(This is a Jewish History topic, and thus hopefully won't be closed. I realize it may be somewhat subjective, but any well-reasoned argument would be helpful in showing which places and times have been better for Jews.)

Say it's the Year 70. The Romans have just trashed Jerusalem and exiled everyone. You can go anyplace available given the technology of the time. You'd like to plan out the next 1900 years (assuming a time traveler has handed you a history book) where you and your descendants should live. Your goals include:

  • Minimum number of relocations.
  • Highest possible quality of life. You may be free to practice your faith, but if everyone is starving or dying of diseases (significantly more than the typical rate for human civilization of your era), it's kind of moot.
  • Least anti-Semitic attacks, persecutions, or forced assimilation. (Or for that matter, avoid places/times where it's clear that almost everybody assimilated -- forced or otherwise.)
  • Live in a Jewish community, maintaining a connection to the outside world's Jewish mainstream. You'll at least need to get wind of the Yad HaChazaka circa 1200; ideally someplace where you'll obtain a Shulchan Aruch in the 1500s as well.

Ashkenaz, Sefard, Edot Mizrach, you name it.

What's the best strategy? (Well, at the very least -- suggest a good strategy!)

  • China would be my best guess. Marco Polo came in the 12th century, presumably others as well, so the option to get the Rambam was possible as well as the Shulchan Aruch in the 1500’s when many more Europeans traveled there. No persecutions (although no Jews either so we wouldn’t know). You’d probably travel with a group of families and build your own community there
    – Chatzkel
    Sep 16, 2022 at 2:49
  • 7
    Can you explain how this is about Judaism?
    – Isaac Moses
    Sep 16, 2022 at 4:22
  • Yemen. Or become a Karait.
    – pcoz
    Sep 16, 2022 at 5:13
  • It's my attempt at a clever rephrasing (akin to what you'd find on other StackExchange pages) of "which Jewish population has arguably suffered the least?" ... which affects everything from what you say in Selichot to how often you pray about martyrs to how far you expanded the Talmud's requirement of mourning before the 9th of Av to how you read Akedat Yitzchak to whether you follow the Talmud's rule of "don't marry someone without seeing them first" vs. attempt to hand-wave that "oh we can't do that because conditions are too dangerous and miserable'...
    – Shalom
    Sep 16, 2022 at 11:09
  • @Chatzkel No persecution? I don't think you know Chinese history that well. Chinese emperors routinely oppressed their own people, let alone foreigners. They also developed the philosophy of Confucianism to try and keep people under the government's control.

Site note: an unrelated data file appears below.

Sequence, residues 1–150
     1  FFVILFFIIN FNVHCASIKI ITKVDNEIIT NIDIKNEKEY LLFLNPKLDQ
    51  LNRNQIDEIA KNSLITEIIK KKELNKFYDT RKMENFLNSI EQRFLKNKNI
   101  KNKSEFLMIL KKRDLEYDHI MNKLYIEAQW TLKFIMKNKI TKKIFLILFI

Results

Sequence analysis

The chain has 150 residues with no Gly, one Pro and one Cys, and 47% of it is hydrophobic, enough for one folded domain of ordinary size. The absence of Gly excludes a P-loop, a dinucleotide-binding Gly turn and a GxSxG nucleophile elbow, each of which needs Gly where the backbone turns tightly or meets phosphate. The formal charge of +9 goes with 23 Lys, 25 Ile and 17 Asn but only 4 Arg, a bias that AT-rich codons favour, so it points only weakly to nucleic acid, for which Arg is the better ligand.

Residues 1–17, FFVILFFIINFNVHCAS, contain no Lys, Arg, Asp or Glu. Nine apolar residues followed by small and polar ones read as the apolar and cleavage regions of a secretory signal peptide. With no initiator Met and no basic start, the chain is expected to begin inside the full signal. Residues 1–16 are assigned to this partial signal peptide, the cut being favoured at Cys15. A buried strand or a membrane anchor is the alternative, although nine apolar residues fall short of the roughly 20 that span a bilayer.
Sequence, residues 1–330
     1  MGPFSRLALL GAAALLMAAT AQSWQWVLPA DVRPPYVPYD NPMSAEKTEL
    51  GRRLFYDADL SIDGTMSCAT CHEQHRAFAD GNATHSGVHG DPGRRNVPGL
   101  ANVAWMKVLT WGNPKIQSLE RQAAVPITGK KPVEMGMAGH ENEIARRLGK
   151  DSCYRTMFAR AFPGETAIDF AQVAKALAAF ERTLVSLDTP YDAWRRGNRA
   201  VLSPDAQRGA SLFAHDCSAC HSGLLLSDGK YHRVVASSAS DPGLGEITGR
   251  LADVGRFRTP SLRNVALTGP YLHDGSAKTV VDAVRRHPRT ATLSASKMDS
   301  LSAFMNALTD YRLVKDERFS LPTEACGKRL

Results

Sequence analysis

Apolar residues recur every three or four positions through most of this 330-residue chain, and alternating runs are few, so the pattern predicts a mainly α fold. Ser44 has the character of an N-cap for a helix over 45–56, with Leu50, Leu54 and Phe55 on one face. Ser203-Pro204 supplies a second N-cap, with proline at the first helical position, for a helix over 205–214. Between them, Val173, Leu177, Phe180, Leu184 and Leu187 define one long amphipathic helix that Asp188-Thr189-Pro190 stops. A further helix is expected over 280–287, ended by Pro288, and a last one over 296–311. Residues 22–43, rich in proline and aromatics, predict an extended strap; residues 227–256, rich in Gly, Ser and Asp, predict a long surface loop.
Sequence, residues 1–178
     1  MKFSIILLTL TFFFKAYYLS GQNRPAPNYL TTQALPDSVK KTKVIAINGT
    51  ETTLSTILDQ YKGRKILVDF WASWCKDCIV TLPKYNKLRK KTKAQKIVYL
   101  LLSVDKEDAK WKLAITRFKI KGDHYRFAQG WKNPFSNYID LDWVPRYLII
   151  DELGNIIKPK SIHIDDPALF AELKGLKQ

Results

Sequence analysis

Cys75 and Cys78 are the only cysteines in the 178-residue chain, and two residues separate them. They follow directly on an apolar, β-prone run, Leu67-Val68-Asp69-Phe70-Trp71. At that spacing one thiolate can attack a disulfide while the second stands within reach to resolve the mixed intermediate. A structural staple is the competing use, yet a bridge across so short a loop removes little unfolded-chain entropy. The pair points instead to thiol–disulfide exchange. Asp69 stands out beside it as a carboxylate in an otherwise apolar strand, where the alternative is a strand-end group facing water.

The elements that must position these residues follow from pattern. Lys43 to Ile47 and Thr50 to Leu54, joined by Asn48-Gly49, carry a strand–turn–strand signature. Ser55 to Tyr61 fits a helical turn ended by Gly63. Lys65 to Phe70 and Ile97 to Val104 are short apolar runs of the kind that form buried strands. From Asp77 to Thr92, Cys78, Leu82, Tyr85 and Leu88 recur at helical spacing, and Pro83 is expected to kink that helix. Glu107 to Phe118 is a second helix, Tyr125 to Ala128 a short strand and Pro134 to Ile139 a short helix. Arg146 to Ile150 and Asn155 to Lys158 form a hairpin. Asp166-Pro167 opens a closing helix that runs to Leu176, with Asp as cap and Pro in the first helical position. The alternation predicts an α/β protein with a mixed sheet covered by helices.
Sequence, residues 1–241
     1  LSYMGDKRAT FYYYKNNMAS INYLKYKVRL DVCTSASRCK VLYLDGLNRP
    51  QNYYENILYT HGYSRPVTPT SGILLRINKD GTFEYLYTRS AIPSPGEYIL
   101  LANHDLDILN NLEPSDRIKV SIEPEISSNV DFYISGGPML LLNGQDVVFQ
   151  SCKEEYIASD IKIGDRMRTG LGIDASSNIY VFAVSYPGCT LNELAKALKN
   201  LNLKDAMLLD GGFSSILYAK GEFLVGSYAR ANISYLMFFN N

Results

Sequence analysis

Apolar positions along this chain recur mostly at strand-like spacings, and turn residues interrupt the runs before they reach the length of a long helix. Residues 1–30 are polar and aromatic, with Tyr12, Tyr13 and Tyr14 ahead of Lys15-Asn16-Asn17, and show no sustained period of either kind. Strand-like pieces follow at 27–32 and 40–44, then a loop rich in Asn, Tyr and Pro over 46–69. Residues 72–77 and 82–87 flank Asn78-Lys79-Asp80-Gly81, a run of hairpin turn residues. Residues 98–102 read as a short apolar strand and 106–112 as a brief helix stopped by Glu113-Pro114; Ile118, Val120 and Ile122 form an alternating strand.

– ezra
    Sep 16, 2022 at 13:35

2 Answers 2


A strong case could be made for the island of Djerba off the coast of Tunisia. A group of several hundred Jews led by Temple Service Cohenim arrived there after the destruction of the first Beit haMikdash, so a strong Jewish community was already in place. The island is on the Mediterrenean, and so was in contact with the major centers of Jewish learning throughout history, but given its remote location, it was far enough from centers of power to avoid forced conversions or expulsions.

As for avoiding relocation, there are still over a thousand Jews living there today, some of whom claim to be able to trace their ancestry to that first boatload of Cohenim.


The first part of my strategy would be to reconsider my goals.

Relocation, is, what primarily has saved the Jewish people. Holding on to a specific region or area is not the strategy route for survival. I would be open and willing to relocate.

For a high quality of life, living near ports or large epicenters, anywhere with an access to commerce or trade routes, would be ideal. These areas are wealthier and lead to higher quality life, such as access to more foods and service, ie. fresh foods and doctors. This also plays into obtaining Jewish books and culture through trade routes and visiting rabbis.

In terms of attacks, persecutions, and forced assimilation, I would refer back to the ability to relocate. It is far easier to move away from war and persecution than to find the root of evil and try to change its ways (if that is even possible). Practically speaking this would mean living in the suburbs of a city or in a city itself, and being wealthy enough to travel, if necesssary.

  • 1
    If you're going to reconsider goals, reconsider the requirement for quality of life. You should stay in Israel and support whoever comes through however you can. What quality is there to life elsewhere?
    – Double AA
    Sep 16, 2022 at 0:37
  • That is not a sustainable way of living, to give away everything that you own in order to help others. That is frowned upon in the Shulchan Aruch and sections of the Tanakh.
    – Alexander
    Sep 16, 2022 at 0:47
  • You've successfully attacked a straw-man
    – Double AA
    Sep 16, 2022 at 0:48
  • However, that is true faith, true bitachon, and should be strived for in all our ways. It just requires a balance with practicality and the physical world in which we live.
    – Alexander
    Sep 16, 2022 at 0:51

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